Friday, May 8, 2009

What was the biggest story of the Crown Royal presents The Russ Friedman 400 at Richmond?



Runner-up Tony Stewart and third-place finisher Jeff Burton race for position in the closing laps of the CROWN ROYAL presents The Russ Friedman 400 at Richmond International Raceway. (Photo Credit: Drew Hallowell/Getty Images)

As I sit here watching the NASCAR Nationwide Series racing on a green racetrack at Darlington, I want to put a cap on last Saturday Night’s Crown Royal 400 at Richmond International Raceway. After every race, I like to ask myself a question, what made the race exciting and more so, what was the biggest story of race?

Some NASCAR fans would say the biggest story of race had to be the pit strategy by the #18 team that not only got Kyle Busch out front during the race, but once out front, couldn’t by catch, and won the race, or the fact that his teammate Denny Hamlin after leading the most laps was once again denied victory at his home racetrack.

While those are two interesting stories to some, in my eyes, it wasn’t. The biggest story of the Crown Royal presents the Russ Friedman 400 had to be the “wrecks to riches.” What are wrecks to riches?

Wrecks to riches isn’t a television show, the term describes a driver or group of drivers that sometime during the race at one time or another wrecked, either was spun out and hit the wall or got hit by another driver and came back with a top 5, top 11 finish.

For some reason or another, several drivers fit this term perfectly, the first driver had to Jeff Burton. Burton had a busy night, of course so did just about every driver except the start and park one’s anyway. Jeff Burton got spun out and hit the turn 4 outside wall on lap 211 after contact with Dale Earnhardt Jr., Dale Jr. looked like he got loss on the bottom and got up into to Burton. By the end of the race, Jeff Burton was chasing down the leader Kyle Busch, but ended up battling Tony Stewart and finished in the 3rd spot.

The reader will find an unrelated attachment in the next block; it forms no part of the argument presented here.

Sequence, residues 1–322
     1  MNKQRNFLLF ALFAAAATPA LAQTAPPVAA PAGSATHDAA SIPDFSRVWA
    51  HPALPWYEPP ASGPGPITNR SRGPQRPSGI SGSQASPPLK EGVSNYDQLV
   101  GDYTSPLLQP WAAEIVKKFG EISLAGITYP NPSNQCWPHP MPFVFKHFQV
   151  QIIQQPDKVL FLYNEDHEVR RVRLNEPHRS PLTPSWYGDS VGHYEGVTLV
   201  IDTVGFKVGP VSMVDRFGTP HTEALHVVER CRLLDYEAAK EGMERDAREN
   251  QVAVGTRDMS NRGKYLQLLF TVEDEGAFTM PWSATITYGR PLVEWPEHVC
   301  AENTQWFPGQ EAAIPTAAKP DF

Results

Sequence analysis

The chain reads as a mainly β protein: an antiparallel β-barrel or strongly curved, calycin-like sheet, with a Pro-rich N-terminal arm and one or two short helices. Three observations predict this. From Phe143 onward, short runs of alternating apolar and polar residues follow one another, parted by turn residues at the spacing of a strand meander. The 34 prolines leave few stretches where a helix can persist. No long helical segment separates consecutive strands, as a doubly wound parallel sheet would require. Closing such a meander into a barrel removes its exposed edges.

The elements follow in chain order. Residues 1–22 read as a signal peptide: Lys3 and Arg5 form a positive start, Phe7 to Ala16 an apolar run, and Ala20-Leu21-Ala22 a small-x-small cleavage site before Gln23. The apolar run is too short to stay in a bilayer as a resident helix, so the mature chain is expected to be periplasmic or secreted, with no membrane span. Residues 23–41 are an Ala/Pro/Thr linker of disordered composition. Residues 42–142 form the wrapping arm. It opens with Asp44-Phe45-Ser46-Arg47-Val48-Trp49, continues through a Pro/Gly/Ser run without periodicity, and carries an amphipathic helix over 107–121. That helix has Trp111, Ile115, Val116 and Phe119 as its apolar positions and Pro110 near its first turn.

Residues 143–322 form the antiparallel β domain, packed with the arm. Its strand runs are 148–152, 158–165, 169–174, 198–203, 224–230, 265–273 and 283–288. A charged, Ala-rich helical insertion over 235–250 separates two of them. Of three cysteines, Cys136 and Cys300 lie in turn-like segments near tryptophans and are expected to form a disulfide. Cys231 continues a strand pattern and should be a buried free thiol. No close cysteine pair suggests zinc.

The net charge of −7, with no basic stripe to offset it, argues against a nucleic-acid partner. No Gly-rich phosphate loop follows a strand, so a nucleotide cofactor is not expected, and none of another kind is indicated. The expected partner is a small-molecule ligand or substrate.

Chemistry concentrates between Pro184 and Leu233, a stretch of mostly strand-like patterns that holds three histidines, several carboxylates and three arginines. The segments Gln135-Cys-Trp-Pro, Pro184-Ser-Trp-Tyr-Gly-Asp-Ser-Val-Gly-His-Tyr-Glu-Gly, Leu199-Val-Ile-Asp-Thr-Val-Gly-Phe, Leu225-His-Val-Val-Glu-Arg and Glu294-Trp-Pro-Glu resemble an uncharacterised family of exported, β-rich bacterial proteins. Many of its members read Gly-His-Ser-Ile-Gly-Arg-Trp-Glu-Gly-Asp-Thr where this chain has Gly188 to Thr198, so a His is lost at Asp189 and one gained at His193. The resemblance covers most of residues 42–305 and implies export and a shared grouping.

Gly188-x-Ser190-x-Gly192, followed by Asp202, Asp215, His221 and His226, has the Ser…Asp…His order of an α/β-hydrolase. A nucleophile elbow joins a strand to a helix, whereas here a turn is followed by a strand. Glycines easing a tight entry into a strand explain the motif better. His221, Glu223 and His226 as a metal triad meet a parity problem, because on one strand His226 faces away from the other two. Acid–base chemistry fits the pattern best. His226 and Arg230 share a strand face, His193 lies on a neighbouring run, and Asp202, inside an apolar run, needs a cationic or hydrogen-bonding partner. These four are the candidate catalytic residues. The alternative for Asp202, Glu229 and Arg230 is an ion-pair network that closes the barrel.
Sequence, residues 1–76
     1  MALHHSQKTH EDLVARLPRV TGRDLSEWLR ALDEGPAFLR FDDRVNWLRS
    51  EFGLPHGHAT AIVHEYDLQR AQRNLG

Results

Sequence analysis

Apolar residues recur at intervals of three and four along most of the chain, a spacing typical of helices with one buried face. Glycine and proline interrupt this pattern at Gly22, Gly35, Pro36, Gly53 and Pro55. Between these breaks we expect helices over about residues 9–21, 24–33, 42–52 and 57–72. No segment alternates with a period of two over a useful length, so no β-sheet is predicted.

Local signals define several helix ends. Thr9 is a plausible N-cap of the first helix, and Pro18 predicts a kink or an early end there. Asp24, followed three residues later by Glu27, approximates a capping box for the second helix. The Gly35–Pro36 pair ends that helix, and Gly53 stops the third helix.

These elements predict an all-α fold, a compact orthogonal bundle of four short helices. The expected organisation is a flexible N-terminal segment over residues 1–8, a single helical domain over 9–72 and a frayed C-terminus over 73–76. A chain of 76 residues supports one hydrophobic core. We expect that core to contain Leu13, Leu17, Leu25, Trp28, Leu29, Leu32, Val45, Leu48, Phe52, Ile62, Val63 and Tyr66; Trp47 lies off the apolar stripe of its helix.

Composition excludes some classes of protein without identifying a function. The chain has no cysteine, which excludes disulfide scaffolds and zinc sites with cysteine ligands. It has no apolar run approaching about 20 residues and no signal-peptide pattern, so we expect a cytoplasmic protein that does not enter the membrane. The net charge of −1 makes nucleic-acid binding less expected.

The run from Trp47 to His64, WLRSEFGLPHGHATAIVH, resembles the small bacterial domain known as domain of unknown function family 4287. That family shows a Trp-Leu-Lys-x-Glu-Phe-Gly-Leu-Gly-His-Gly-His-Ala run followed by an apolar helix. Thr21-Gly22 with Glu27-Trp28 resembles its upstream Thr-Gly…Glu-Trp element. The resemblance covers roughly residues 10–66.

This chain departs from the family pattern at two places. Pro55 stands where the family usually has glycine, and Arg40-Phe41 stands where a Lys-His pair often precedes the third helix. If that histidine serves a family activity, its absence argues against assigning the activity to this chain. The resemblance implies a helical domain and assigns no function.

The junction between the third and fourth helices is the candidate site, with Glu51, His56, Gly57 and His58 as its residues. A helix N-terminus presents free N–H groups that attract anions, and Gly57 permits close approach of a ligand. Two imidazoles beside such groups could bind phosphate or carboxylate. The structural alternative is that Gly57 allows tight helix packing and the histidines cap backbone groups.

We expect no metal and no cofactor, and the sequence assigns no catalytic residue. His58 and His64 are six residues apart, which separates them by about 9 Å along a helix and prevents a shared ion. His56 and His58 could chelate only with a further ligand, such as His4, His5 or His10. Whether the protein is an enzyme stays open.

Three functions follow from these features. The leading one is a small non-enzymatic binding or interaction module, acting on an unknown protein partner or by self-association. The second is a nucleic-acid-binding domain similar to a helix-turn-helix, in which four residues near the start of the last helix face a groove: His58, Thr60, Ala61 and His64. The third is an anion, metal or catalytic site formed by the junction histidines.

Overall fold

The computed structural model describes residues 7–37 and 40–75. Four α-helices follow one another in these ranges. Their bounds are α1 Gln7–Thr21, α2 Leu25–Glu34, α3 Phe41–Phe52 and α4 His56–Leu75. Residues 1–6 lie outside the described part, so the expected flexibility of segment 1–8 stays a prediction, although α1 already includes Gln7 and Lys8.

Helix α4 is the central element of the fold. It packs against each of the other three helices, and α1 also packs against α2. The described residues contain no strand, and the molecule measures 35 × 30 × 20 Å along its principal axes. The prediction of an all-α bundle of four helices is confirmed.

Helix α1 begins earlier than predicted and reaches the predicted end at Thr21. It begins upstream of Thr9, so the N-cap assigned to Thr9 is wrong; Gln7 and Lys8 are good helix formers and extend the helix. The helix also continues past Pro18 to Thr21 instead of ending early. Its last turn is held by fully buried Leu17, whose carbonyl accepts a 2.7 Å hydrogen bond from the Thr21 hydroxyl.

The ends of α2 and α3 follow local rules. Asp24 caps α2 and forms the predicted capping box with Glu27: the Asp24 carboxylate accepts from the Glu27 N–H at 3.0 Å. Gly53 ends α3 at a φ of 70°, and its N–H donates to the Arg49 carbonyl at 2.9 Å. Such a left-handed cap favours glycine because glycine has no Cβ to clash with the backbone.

Second had to Mark Martin, during the late stages of the race, Ryan Newman bumped Mark Martin, which sent him spinning in front of the field, Martin would get in the driver’s door by Martin Truex Jr., Fortunity, Mark Martin would rally back for a 5th place finish.

The third driver had a rough night including at one point went a lap down, but on lap 167, Jamie McMurray spin out trying to avoid another wreck and hit his teammate Edwards who just had a bad night, Jamie McMurray would come back for a 7th place finish. Mark my works, that is going to get him into the chase for the Sprint Cup in September.

Fourth was Marcos Ambrose, Ambrose slammed the outside turn 2 wall after contact with Sam Hornish Jr. who had his best cup series finish in 6th, Ambrose would finish 11th.

With the old car, most of these stories wouldn’t be so successful, however just like so many times in the past few years, this COT racecar has shown that it is pretty strong and can take a good hit and yet keep going. Of course, last year at Darlington in the Dodge Charger 500 was a classic example when Kyle Busch had to have bounced off the walls several times and yet he won the race.

The COT car also seems to have created some even better racing on some tracks, (I didn’t even think that that was possible at tracks like Phoenix, Darlington, Richmond, Martinsville, but a prime example of a better race is New Hampshire Motor Speedway. Those two races have gotten a lot better, the racing is now exciting, thank god too.) I wonder what tomorrow night’s Southern 500 with Matt Kenseth on the pole (while Scott Speed didn’t qualify and went home) is going to be like?

At Richmond, Tony Stewart showed that he and his entire Stewart-Haas Racing is inching closer and closer to not only their first cup series victory, but Tony Stewart’s first cup series victory as an owner/drivers, ironically enough, as a NASCAR fan I remember the last owner/driver to win in the cup series, do you?

The last owner/driver to win in the Cup Series was Ricky Rudd, some NASCAR fans might remember RPM (Rudd Performance Motorsports), before Ricky Rudd sold his raceteam, his last victory as an owner/driver came back in 1998 at Martinsville Speedway. I remember that victory at Martinsville, “Rudd was dealing with high air temperatures and a faulty cooling system. As a result, Rudd suffered burns and blisters over most of his body, and gave his victory lane interview lying on the ground breathing from an oxygen mask.” - Wikipedia